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Thread: Using stdin to add Samba user/password in bash script

  1. #11
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    Re: Using stdin to add Samba user/password in bash script

    Quote Originally Posted by CharlesA View Post
    I use this command to add my samba users:
    Code:
    useradd htpc -u 1001 -M -d /dev/null -s /dev/null -U -G raid
    Is that the correct way to do it?
    If it works, then great. I've never tried this but here are my initial thoughts: The switch -M means don't create a home directory automatically, but then you manually crate one to nowhere. If you didn't want one why run the -d switch at all. Why create a shell (with -s) if you don't want one either.
    Last edited by capscrew; October 22nd, 2011 at 11:54 PM.

  2. #12
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    Re: Using stdin to add Samba user/password in bash script

    Quote Originally Posted by capscrew View Post
    As far as I know the interactive shell access and home dir is all that separates a mortal user from a system user. Think of samba server with 200 users of the share that you need to police from messing with your server. Not to mention all those home directories that they have a right to. I think I would drop the -d /home/$user from the script and see what happens. All in all, a very nice script you have created.

    Edit: There is one more thing about system users -- NO PASSWORD. This means you do not have to sync the Ubuntu pass with the samba user pass. No PAM problems either. Yes the smbpasswd will work. The limitation is that there must be a Ubuntu user, not whether it has a password.

    Yes you can update the account with usermod. You can add a home directory as well as an interactive shell.
    ... just some thoughts: there are really a number of kinds of account here:

    1. Samba users: accounts for those to use the file server (ie, the samba users we started with)
    2. Interactive users: accounts of those to use shells (the potential users we've just been speaking about)
    3. Admin users: accounts of those who run the system (ie, Ryan)
    4. System users: accounts of those who never log in but just own directors (root, daemon, bin, ...)

    It's traditional that those 'system users' in category 4 have low user ids, which helps keeps things straight (but isn't as far as I know used anywhere) from the users which are in higher numeric range..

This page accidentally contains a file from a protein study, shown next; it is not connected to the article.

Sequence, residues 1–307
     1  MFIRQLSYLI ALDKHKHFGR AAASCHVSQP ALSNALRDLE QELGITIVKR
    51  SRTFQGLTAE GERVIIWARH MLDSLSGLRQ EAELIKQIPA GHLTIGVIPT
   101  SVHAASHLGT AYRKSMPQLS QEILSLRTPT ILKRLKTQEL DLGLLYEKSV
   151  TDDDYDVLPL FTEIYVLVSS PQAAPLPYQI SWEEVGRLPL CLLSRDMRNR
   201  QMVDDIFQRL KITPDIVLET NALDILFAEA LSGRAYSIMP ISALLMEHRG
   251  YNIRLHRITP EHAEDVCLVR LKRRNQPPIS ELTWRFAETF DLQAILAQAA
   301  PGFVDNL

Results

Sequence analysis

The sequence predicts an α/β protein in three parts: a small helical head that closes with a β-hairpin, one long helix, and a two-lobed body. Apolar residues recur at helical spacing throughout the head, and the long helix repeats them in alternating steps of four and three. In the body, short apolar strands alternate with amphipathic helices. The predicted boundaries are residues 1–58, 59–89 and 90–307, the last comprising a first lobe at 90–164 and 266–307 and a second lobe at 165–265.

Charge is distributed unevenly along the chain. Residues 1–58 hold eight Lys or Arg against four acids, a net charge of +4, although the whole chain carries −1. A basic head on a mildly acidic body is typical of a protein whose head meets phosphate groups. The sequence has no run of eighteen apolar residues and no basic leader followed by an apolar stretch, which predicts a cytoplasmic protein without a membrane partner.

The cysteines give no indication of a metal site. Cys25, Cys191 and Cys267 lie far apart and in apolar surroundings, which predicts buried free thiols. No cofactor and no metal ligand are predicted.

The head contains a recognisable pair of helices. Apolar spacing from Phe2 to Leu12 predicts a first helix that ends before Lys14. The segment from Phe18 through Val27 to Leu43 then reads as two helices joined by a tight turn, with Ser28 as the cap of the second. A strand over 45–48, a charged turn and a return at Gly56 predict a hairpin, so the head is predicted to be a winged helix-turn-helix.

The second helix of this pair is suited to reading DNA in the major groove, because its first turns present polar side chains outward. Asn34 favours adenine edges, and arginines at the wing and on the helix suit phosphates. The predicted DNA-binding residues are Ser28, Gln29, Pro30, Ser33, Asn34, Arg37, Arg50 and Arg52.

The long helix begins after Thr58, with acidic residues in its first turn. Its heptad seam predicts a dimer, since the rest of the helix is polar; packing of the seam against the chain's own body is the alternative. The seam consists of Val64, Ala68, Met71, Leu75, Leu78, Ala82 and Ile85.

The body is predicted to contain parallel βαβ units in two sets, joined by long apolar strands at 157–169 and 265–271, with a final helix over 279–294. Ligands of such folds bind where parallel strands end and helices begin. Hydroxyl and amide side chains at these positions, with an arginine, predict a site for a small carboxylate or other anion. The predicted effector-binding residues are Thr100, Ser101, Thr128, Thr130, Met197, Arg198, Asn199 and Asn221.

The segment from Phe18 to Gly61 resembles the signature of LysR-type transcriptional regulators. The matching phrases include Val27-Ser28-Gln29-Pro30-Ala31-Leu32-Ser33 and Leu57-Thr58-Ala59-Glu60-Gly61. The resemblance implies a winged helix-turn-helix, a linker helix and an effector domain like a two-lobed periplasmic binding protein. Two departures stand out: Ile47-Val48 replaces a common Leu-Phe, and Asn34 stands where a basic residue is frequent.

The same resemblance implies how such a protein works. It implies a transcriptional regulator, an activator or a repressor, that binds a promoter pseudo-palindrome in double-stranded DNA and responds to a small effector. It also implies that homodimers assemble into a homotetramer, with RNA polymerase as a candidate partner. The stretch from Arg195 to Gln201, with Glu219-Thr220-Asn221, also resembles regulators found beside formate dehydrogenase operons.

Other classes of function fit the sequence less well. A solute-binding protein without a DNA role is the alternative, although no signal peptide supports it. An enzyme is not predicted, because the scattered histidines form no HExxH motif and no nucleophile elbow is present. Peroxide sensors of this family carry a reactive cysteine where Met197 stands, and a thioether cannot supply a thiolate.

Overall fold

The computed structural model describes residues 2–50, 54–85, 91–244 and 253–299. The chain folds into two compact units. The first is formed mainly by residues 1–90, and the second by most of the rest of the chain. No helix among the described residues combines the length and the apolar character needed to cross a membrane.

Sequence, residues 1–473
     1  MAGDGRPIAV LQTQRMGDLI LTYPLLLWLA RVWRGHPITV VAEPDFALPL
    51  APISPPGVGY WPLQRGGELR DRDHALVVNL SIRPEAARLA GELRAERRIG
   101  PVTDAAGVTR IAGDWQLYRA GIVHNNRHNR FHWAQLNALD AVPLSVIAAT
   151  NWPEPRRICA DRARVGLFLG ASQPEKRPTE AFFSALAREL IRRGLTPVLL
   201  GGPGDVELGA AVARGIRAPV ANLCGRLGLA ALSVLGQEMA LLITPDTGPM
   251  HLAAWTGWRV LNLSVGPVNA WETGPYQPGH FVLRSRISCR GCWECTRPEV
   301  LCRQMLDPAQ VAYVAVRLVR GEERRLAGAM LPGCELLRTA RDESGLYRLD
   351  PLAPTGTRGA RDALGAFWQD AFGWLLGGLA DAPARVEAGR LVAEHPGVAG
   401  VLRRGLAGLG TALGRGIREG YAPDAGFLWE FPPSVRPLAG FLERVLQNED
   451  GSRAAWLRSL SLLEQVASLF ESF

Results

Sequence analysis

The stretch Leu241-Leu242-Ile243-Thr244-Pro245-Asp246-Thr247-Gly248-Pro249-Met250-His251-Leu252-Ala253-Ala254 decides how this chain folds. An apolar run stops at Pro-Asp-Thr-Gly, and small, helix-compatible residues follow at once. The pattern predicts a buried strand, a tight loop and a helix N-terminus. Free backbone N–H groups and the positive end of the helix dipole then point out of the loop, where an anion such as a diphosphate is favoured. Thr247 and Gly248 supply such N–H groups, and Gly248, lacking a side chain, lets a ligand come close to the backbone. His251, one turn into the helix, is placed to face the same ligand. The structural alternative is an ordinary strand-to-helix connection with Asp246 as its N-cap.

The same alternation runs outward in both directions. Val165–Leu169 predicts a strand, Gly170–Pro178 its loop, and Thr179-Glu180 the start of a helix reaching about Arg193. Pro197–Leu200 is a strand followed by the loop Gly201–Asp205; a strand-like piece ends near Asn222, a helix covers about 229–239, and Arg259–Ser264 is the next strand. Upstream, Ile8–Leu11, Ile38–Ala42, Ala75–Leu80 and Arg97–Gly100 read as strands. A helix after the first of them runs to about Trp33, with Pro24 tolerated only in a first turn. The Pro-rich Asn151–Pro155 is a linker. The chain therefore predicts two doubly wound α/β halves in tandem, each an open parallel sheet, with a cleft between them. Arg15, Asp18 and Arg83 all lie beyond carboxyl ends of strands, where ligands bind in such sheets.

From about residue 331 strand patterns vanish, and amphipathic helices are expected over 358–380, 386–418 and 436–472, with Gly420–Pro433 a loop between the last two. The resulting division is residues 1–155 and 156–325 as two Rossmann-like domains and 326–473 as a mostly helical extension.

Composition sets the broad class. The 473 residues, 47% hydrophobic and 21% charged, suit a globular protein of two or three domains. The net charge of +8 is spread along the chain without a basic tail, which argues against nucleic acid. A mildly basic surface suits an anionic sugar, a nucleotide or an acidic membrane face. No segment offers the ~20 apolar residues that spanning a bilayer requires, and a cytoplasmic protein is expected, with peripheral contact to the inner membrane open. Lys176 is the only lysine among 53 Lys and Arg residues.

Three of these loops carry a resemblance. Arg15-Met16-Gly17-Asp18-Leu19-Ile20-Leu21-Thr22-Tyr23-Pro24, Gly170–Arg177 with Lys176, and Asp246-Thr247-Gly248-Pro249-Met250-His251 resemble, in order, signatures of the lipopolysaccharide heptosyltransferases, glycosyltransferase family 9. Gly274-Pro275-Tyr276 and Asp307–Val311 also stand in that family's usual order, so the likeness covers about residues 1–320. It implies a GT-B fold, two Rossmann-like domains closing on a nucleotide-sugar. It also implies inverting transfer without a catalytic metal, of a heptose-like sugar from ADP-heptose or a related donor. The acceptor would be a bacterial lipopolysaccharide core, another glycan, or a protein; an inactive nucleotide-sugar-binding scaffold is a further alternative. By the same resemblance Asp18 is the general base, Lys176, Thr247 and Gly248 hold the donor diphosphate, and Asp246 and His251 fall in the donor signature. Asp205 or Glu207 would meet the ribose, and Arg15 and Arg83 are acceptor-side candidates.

For your samba users (case 1), I'd try putting them in the normal UID space, with disabled passwords, no home directory, no login shell etc. But I wouldn't use the useradd -r method, I'd use the appropriate flags (-M don't create home, -s /usr/bin/nologin, and don't set a password.
    Code:
    useradd $user -d /home/$user -M -s /usr/sbin/nologin
    This makes an account with the home directory defined but not created, and no password (look in /etc/shadow), with a never-log-in shell, with a uid in the 1000 range.

    For interactive users (case 2), you make another script to convert them (make directories, install dot files, change shell, apply password and so on. Many times I've seen users categories as "samba-only", "mail-only", "ftp only" and so on.

    Script looks nice and tidy! But did you know that the "function" keyword is unique to bash? Given that the default system shell changes from time to time, I'd suggest being conservative with this script.
    If you run your script with another implementation of the bourne shell (ie, the normal shell /bin/sh, which is currently 'dash'), it's incompatible? Given they both accept the original syntax, I'd recommend it:
    Code:
    useradd ()
    {
    ...
    }
    Hope that's of some use

    Kind regards
    Jonathan

  3. #13
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    Re: Using stdin to add Samba user/password in bash script

    Quote Originally Posted by capscrew View Post
    If it works, then great. I've never tried this but here are my initial thoughts: The switch -M means don't create a home directory automatically, but then you manually crate one to nowhere. If you didn't want one why run the -d switch at all. Why create a shell (with -s) if you don't want one either.
    Thought all users had to have a home directory and shell?

    If you run the command without redirecting it to /dev/null, it adds the shell as /bin/sh. Of course that wouldn't work if the user doesn't have a password set, but better safe then sorry.

    Code:
    sudo useradd test1 -u 1002
    Code:
    test1:x:1002:1002::/home/test1:/bin/sh
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  4. #14
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    Re: Using stdin to add Samba user/password in bash script

    @erixnow That was out of left field, definitely something to think about.

    Script looks nice and tidy! But did you know that the "function" keyword is unique to bash? Given that the default system shell changes from time to time, I'd suggest being conservative with this script.
    If you run your script with another implementation of the bourne shell (ie, the normal shell /bin/sh, which is currently 'dash'), it's incompatible?
    Thanks, and I didn't know that. Is there a place where I can compare the syntax differences between the shell scripting languages?

    If you run the command without redirecting it to /dev/null, it adds the shell as /bin/sh. Of course that wouldn't work if the user doesn't have a password set, but better safe then sorry.
    Interesting point. I like the idea of using
    Code:
    -s /dev/null
    I looked in the /etc/passwd file and most of the system users use /bin/sh however there are some that use /bin/false and /sbin/nologin which are good and slightly better, respectively but neither as good as /dev/null.

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